1920s Wurlitzer Archtop Tenor Banjo

I took this neat old Wurlitzer-branded tenor banjo in trade recently. Banjos of this style are often branded "Concertone" or "Slingerland" but I think the lot of them were made by Regal in Chicago for the various distributors and retail brands. I can't confirm it, but I'm almost certain about it.

That said -- brand doesn't really matter -- this is simply a nice little archtop-tonering, short-scale tenor banjo. I have it currently tuned to CGDA standard (archtop tenors often sound great in it) but there's no reason it couldn't be restrung and setup for whatever other tuning you might enjoy -- DGBE like guitar or baritone uke, low-G GCEA like a uke, GDAE like an octave mandolin... though the latter would be a "bright/poppy" sound like '70s Celtic tenor banjo and wouldn't have the round-sounding bass a lot of people like out of a GDAE instrument these days.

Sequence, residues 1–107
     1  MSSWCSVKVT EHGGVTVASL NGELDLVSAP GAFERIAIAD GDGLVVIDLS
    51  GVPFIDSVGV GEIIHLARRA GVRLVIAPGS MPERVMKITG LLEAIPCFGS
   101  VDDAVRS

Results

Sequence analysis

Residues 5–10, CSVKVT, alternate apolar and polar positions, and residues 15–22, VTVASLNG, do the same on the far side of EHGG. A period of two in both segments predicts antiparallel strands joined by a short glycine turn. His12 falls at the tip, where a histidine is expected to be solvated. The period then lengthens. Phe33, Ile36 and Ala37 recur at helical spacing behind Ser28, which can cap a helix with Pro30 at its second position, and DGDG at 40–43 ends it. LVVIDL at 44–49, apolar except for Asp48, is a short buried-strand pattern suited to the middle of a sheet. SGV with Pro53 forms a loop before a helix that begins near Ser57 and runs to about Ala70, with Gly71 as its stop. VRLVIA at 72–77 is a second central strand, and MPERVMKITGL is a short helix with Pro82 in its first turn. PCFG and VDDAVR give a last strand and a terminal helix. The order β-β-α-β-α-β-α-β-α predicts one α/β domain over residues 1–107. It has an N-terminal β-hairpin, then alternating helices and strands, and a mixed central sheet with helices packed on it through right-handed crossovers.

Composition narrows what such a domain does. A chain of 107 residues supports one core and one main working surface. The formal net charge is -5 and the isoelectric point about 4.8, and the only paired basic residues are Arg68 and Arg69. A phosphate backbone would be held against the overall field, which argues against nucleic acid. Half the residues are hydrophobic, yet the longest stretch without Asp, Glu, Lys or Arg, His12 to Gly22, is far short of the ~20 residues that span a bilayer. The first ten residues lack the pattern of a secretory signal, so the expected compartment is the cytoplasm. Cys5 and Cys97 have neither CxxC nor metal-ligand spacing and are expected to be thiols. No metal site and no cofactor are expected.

Work was average for an instrument of this sort, but post-repairs it plays spot-on and quick and it's sturdy, rugged, and reliable.

Repairs included: fret level/dress, bolt-reinforcement for neck joint, new bridge, Remo synthetic head install, side dots added, cleaning, setup.

Rim wood: maple multi-ply

Tonering: inset archtop-style hoop ring

Bridge: old Grover 2-foot

Fretboard: ebonized maple

Neck wood: maple 2-piece

Action height at 12th fret: 1/16" overall (quick!)
String gauges: 32w, 20w, 13, 9

Neck shape: medium V/C

Board radius: flat

Neck relief: straight

Fret style: medium-low

Scale length: 20 7/8"

Nut width: 1 3/16"

Head diameter: 10 3/4"

Depth overall at rim: 2 5/8"

Weight: 4 lbs 7 oz

Condition notes: it's mostly-original but does have a replacement head, one replacement hook+nut, and a later vintage bridge. One of the tuner ferrules is also not original. It's in good overall shape looks-wise. The frets are lower but have plenty of life left in them. One nice feature are geared tuners at the headstock. They're original and while they're only 2:1 ratio, they're a lot better than the usual for the time (friction pegs) and look neat and hold pitch.